Evolution Icon Evolution
Life Sciences Icon Life Sciences

Darwin’s “Abominable Mystery”: Still Alive and Kicking

Günter Bechly
Photo: The Jurassic seed fern Sagenopteris belongs to the extinct gymnosperm clade Caytoniales, which is believed to be the closest relative of flowering plants, via Wikimedia.

On a podcast for ID the Future (Bechly 2021), I discussed some recent articles about Darwin’s “abominable mystery” of the abrupt origin of flowering plants in the Cretaceous period, and showed that this mystery is not only still unresolved, but has even become much more mysterious since Darwin’s time.

Now, two new studies claim progress in solving this mystery. But before we look into these new studies, let’s first explore some background context on this fascinating issue.

“As Fully Formed as Aphrodite”

The crucial issue is a remarkable phenomenon in the fossil record, namely the sudden appearance of fossils of flowering plants in the Early Cretaceous age without any of the required precursors recorded from the older Jurassic layers. In the mid Cretaceous there is already a large diversity of at least 50 different families of flowering plants, as if they came out of nowhere or were planted there by a creator. This fact is beautifully captured in a comment by Oskin (2015) about the highly controversial discovery of a Jurassic fossil flower:

Then, about 125 million years ago, angiosperms and their flowers sprang forth during the Cretaceous period, as fully formed as Aphrodite.

Darwin knew about this phenomenon and called it an “abominable mystery” in a private letter to his friend Joseph Dalton Hooker in 1879, who was then the director of the Kew Royal Botanic Garden. It was later often thought that Darwin referred to the origin of flowering plants in general. However, renowned British plant geneticist Richard Buggs, from the Kew Royal Botanical Gardens, demonstrated in his articles (Buggs 2017a2017b2021) about the history of Darwin’s “abominable mystery” that Darwin had only referred to the fossil record of dicotyle flowering plants (those with two embryonic leaves) and their rapid diversification in the Cretaceous. This was because in Darwin’s time it was erroneously believed that dicotyles include gymnosperms (e.g., cycads, gingko, and conifers) and that these and monocotyle angiosperms (those with a single embryonic leave, such as grasses) existed as fossils in much older layers than the Cretaceous, way back to the Carboniferous. So, they then had two possible candidates as potential precursors of Cretaceous dicotyle angiosperms. However, modern research has changed these views dramatically. Dicotyle angiosperms are no longer thought to be rooted in either gymnosperms or monocotyle angiosperms, and also the alleged pre-Cretaceous monocotyles were all recognized as misidentifications.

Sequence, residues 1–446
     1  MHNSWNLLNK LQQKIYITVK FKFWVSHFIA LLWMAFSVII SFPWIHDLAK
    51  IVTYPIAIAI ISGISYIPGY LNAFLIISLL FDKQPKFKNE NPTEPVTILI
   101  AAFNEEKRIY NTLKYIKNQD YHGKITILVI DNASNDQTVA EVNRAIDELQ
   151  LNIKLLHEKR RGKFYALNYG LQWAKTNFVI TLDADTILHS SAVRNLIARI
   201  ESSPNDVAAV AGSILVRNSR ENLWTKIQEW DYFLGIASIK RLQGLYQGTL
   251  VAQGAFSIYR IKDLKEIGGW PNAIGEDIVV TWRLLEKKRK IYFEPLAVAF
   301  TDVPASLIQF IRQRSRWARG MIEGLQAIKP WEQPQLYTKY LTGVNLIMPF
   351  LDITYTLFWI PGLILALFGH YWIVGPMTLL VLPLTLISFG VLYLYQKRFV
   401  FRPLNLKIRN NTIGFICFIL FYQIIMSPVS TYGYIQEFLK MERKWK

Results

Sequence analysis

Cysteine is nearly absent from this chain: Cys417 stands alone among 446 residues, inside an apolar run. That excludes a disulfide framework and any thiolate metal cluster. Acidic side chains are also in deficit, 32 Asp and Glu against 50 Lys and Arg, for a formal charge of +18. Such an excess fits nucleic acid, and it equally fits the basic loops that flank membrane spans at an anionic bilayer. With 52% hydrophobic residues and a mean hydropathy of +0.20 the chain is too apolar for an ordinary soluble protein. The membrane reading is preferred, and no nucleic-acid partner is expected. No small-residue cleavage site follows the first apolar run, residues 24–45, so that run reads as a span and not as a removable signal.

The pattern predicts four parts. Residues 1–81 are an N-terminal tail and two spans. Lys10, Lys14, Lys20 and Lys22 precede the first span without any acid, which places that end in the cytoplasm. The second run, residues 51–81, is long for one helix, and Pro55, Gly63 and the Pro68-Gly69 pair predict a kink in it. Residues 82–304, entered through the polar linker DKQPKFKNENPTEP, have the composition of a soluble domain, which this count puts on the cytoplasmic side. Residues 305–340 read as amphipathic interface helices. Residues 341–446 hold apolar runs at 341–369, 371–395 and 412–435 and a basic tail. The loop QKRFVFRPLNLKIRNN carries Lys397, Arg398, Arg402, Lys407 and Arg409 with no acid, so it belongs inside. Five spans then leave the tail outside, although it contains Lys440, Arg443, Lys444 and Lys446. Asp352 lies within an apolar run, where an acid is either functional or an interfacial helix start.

In his earlier articles, Buggs (2017a2017b) had already written about the implied deepening of this mystery since Darwin’s time. In his new article (Buggs 2021), which was published in the American Journal of Botany and was widely publicized in popular science media and news around the globe including The Times (Bridge 2021) and the BBC (Briggs 2021), he explored the detailed history of Darwin’s statement and asked why he called it “abominable.” Buggs shows that Darwin mainly considered the mystery as abominable because leading contemporary paleobotanists such as his friend Oswald Heer and his critic William Carruthers saw it as evidence for — wait for it — divine intervention!

Darwin’s Gradualism vs. the Fossil Record

Darwin was bothered not only by the theistic implications, but generally by the fact that the fossil record did not support his theory. He tried to explain away the latter as an artifact (Darwin 1859): 

Geology assuredly does not reveal any such finely graduated organic chain; and this, perhaps, is the most obvious and gravest objection which can be urged against my theory. The explanation lies, as I believe, in the extreme imperfection of the geological record.

In a letter to the famous Swiss paleobotanist Oswald Heer, Darwin wrote in 1875:

The sudden appearance of so many Dicotyledons in the Upper Chalk appears to me a most perplexing phenomenon to all who believe in any form of evolution, especially those who believe in extremely gradual evolution … But I fully admit that this case is a great difficulty in the views which I hold.

Just three years later, in 1878, Darwin wrote a letter to French paleobotanist Gaston de Saporta, offering the following surprising admission:

… my ideas on the flower imply a long succession of changes from which the class of Dicotyledons would have come; but their sudden appearance about the bottom of the Cenomanian overturns all the calculations and brings us face to face with an unknown whose limits elude us.